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Hadassah Hospital Ein Kerem
|By Gayna Bassin|
I visited Israel from June 14-24, 2009, mainly to see my son, Michael, who made aliyah last August and is currently serving in the Israel Defense Forces. Carol Ann Schwartz, Hadassah Central States Region President, helped us make an appointment for a tour of Hadassah Hospital on our last day in Israel.
So on Wednesday, June 24th, my husband Jeff and I drove to Hadassah Hospital in Ein Kerem, on the outskirts of Jerusalem. We followed the signs to Hadassah Ein Kerem, which were clearly marked in Hebrew, Arabic and English and with a big letter "H", the international symbol for "Hospital".
We parked in the garage underneath the main building and had a light lunch in the shopping center on the first two floors. Our appointment was at 12:30 pm, and we had no trouble finding the Visitors Center. Our tour guide was Claudia Rubinsztain, who works in the Tourism Department. She was from South America originally and was a little deprecatory about her English skills, but we had no trouble understanding her. First, she took us to the famous Abbell Synagogue that houses the magnificent Chagall stained glass windows.
Claudia then took us to the main lobby to see a model of the hospital's new Sarah Wetsman Davidson Tower, currently under construction. The tower will add to Ein Kerem's 800-bed hospital a 14-story structure with 500 beds, 20 operating rooms, a 50-bed ICU and the ultra-modern Heart Institute.
Every floor will include glass atriums with living plants and sunlight for patients to relax in to aid in healing. Semi-private rooms are designed for patient comfort and privacy.
We next visited the Trauma Center. We learned that Hadassah Ein Kerem is Jerusalem's only Level One Trauma Center. The walls are built like lasagna, in layers of steel and concrete, in case of attack.
Each Trauma unit can evaluate and treat a patient in 3 minutes, and extra beds can be brought in in case of mass casualties. We were very impressed that all equipment needed to diagnose a trauma case is right there in the room. X-ray machines are built into the operating table, and other emergency equipment hangs from the ceiling or walls.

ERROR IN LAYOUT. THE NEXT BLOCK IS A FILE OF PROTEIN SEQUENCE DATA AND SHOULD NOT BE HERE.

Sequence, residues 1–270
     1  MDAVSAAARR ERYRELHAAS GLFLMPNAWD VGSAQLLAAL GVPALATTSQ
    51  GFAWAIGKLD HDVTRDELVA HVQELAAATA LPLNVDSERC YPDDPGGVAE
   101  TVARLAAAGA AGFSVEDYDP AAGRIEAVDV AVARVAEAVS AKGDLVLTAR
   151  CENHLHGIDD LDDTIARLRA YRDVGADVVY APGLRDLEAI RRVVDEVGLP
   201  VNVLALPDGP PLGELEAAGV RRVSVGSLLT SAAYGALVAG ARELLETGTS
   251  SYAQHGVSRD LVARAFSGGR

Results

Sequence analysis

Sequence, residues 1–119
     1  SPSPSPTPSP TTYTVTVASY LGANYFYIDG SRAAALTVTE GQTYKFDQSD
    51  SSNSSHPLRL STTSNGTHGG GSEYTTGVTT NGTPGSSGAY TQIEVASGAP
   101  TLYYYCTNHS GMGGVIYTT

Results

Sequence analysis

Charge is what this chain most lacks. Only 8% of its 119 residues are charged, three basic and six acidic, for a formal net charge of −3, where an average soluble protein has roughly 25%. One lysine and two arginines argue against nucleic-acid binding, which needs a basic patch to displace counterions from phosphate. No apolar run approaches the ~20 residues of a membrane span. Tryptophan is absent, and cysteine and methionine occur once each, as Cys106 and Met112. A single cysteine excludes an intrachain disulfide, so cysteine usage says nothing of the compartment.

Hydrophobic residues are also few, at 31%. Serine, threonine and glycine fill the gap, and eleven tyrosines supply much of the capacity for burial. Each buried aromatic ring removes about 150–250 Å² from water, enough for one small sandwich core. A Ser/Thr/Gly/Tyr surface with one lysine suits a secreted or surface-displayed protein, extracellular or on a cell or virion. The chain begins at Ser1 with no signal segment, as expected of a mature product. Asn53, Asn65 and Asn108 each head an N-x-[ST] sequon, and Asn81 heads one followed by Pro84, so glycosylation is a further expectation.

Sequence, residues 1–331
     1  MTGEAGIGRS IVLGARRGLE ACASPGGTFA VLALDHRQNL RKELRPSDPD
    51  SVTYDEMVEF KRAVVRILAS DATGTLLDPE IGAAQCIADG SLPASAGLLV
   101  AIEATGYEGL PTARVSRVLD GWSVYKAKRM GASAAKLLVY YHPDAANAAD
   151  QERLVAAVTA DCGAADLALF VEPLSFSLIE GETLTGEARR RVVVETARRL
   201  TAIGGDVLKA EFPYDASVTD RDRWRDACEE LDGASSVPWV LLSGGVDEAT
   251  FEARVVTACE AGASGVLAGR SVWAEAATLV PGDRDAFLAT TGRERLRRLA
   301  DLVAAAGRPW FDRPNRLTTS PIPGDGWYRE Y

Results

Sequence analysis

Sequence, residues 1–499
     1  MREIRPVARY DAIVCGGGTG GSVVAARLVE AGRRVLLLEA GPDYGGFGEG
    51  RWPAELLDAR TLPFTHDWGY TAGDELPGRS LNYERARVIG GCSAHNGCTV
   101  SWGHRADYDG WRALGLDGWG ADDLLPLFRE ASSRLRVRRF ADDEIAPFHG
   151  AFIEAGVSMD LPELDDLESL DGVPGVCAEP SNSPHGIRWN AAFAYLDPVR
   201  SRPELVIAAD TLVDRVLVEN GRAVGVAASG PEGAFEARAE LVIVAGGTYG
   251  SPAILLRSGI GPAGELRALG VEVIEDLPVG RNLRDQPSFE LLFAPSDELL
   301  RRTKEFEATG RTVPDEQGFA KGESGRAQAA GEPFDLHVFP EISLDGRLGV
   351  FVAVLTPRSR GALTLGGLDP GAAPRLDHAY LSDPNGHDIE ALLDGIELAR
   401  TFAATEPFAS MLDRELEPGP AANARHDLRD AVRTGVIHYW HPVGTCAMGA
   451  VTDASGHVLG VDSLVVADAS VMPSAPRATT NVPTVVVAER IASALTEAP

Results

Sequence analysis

We then walked over to the next building to see the Bloomberg Mother and Child Center. It is a tall tower next to the construction site for the Sarah Wetsman Davidson Tower. The center of the building is open and decorated with colorful neon animal shapes.
Inside, everything is decorated to appeal to a child's senses. In a common area, children can play on computer monitors arranged in a circular terminal. Clearly, Hadassah Hospital is attentive to patients' emotional needs as well as to health care.
We learned that while Mount Scopus has some more specialized centers, like pre-natal and hospice care, once the Davidson Tower opens in 2012, Ein Kerem will have expanded centers for Invasive Angiography, Immune Disorders, Minimally Invasive Surgery and Computerized Assisted Surgery, Cell Therapy, and Molecular Medicine; trailblazing research facilities to realize the promise of stem cell treatment and unlock the mysteries of heart disease, cancer, multiple sclerosis, Parkinson's disease and Alzheimer's disease; and gene therapy, advanced imaging in operating rooms, robotics and computer-guided surgery, cutting-edge monitoring and telemedicine.
My husband and I were very impressed with our tour and were excited to see first-hand the incredible works of Hadassah.